Contractualization of CSR Guidelines: How do private regimes and national law interact?
Recent scandals involving transnational corporations have triggered an intense discussion on how to deal with corporate conduct that has negative effects on society. While the legal debate may be roughly divided into those emphasizing the merits of self-regulation and those calling for a new corporate accountability, this project seeks to overcome this distinction. It is devoted to signposting the future regulatory landscape of CSR by including both, mechanisms of social ordering by non-state actors as well as the system of positive law as a still pivotal part of the legal discourse.
(1) The prevailing assumption that CSR guidelines are voluntary and accordingly irrelevant from a legal perspective is contested. In fact, CSR guidelines when introduced by corporations in form of a code of conduct or a public commitment become genuine contractual obligations.
(2) The problematic aspect is rather how CSR guidelines are transformed into contractual obligations. It is argued that the central attributes of CSR guidelines do not match with certain underlying assumptions of contract law and therefore lead to uncertainties and inconsistencies.
Although social responsibilities of corporations were formerly legally codified (interest/nature of the company, company structure, mandatory rules), they are currently predominantly laid down in CSR guidelines enacted by NGOs, IGOs and business associations. These CSR guidelines are defined as (1) self-regulatory and (2) transnational rules that create (3) direct social obligations for corporations with the intention of also (4) protecting and binding others than those organizationally or contractually connected with a company.
Since corporations frequently include these guidelines into contractual agreements with business partners (supplier codes of conduct) or commit themselves to do so, the codes may find their way into contract law.
Research Questions and Methods
The research analyzes and evaluates the private law concepts affected when corporations increasingly include CSR guidelines into their contracts. It contains a legal analysis of the way CSR guidelines are presently regulated by contract law followed by a theoretical analysis that investigates how the interaction between CSR guidelines and formal law should be normatively framed. This allows drawing conclusions on how private law may deal with the social reality of CSR guidelines more adequately. The here presented legal analysis was conducted on the basis of two selected jurisdictions (Germany and England) with respect to the following areas:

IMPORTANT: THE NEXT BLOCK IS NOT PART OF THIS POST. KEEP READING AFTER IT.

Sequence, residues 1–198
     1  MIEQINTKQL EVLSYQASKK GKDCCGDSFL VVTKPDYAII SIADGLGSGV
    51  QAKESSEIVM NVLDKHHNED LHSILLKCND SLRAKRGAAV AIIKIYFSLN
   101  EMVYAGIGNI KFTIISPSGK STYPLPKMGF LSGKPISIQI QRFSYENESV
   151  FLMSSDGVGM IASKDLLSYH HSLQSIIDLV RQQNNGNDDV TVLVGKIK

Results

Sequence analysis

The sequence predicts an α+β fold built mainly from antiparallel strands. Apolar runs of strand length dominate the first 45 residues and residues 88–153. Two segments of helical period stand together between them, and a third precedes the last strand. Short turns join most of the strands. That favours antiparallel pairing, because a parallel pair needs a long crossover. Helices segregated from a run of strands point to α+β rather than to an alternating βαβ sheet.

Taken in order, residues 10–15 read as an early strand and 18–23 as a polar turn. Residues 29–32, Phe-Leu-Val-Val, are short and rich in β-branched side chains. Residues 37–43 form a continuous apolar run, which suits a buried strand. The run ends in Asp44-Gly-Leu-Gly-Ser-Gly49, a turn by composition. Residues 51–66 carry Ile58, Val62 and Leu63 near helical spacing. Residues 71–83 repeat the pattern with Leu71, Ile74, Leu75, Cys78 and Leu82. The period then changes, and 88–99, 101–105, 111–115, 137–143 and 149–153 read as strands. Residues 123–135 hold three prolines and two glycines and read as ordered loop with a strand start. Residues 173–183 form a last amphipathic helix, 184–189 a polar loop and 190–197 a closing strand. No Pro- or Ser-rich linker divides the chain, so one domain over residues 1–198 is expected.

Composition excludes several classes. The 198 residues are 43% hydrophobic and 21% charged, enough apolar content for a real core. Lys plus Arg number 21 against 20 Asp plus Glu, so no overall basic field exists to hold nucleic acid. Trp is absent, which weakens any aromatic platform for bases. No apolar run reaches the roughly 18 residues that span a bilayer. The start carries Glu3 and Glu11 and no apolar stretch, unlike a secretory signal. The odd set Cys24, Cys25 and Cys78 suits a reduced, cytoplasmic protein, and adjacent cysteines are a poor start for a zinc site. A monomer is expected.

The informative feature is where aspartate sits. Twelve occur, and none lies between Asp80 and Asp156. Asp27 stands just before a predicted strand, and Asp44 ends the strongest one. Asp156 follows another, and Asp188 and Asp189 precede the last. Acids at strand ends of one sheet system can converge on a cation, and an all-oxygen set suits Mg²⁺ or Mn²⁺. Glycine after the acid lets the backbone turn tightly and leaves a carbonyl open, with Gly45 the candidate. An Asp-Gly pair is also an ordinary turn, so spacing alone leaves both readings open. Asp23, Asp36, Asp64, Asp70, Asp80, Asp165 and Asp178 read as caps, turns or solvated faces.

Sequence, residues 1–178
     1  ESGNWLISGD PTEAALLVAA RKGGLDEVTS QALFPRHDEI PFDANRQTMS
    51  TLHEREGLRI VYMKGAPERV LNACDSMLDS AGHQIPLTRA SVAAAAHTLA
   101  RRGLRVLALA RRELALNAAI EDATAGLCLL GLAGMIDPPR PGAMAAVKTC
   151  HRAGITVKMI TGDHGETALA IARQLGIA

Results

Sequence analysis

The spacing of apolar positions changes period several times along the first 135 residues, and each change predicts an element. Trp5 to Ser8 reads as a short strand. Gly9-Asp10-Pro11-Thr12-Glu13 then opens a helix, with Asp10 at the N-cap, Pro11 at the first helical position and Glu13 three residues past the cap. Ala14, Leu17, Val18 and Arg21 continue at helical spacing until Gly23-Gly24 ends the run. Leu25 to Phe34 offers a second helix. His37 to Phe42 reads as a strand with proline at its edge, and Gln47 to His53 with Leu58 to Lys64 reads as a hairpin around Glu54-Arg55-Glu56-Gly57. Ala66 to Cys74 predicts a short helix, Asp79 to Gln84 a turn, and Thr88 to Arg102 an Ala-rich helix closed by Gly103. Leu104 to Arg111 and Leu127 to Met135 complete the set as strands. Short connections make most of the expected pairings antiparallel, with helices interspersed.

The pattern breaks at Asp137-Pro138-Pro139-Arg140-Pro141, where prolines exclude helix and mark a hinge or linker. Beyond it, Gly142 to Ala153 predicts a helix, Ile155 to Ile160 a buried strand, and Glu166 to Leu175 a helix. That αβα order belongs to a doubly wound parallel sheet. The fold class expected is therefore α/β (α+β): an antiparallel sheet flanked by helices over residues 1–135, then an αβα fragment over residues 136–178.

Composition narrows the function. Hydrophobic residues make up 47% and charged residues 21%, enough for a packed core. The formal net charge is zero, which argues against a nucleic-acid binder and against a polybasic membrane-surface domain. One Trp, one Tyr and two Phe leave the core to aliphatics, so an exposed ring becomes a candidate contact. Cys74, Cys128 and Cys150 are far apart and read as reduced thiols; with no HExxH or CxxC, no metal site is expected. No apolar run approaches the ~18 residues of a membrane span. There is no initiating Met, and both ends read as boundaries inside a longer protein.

Questions on self-regulation and transnationality: conflict of laws (primarily Rome I and II)
Questions on social obligations of contractual partners and effect on third parties: consumer/commercial contract law (national contract laws, European consumer acquis)
(1) CSR guidelines may become legally binding:
Frequent party choice (and public policy corrections in consumer contracts) may render applicable the national law of the large corporation.As the CSR guideline is either an explicit part of the agreement, referred to during the negotiation procedure or introduced within an already existing long-term relation, it can be interpreted as part of the contract.
In consumer – corporation contracts the guideline may become binding even in the absence of any pre-contractual contact if the corporation has publicly (unilaterally) declared to comply with it.
(2) Fundamental conflicts occur because
Conflict of laws recognizes choice between state orders, which conceals
the factual choice for the self-regulatory order of CSR guidelines. Conflict of laws is based on the distinction territorial/extraterritorial,
which renders it difficult to capture their transnational character.
Substantive contract law constitutes contractual rights, obligations and remedies on the basis of what serves the private interests of contract parties whereas CSR guidelines introduce social obligations.
In substantive contract law contractual duties have limited reach (relativity/privity of contracts), which prevents contract law from comprehensively capturing extra-contractual effects on third parties.
Given these uncertainties and inconsistencies, how does contract law need to be reconciled in order to adequately deal with CSR guidelines?
Does the self-regulatory character require establishing mechanisms of recognition as to the non-state enforcement of CSR guidelines?
Does the transnational character require giving up or adjusting the territorial/extraterritorial distinction in conflict of laws?
Does the contractualization of public interest obligations require introducing “public interest enforcement” as a mechanism in contract law?
Do the extra-contractual effects call for constituting network responsibilities between non-contractual partners by means of either extending contractual rights/obligations to third parties or widening the scope of liability in tort?
These questions will be leading for the theoretical analysis that draws upon insights from sociologically inspired legal theory.
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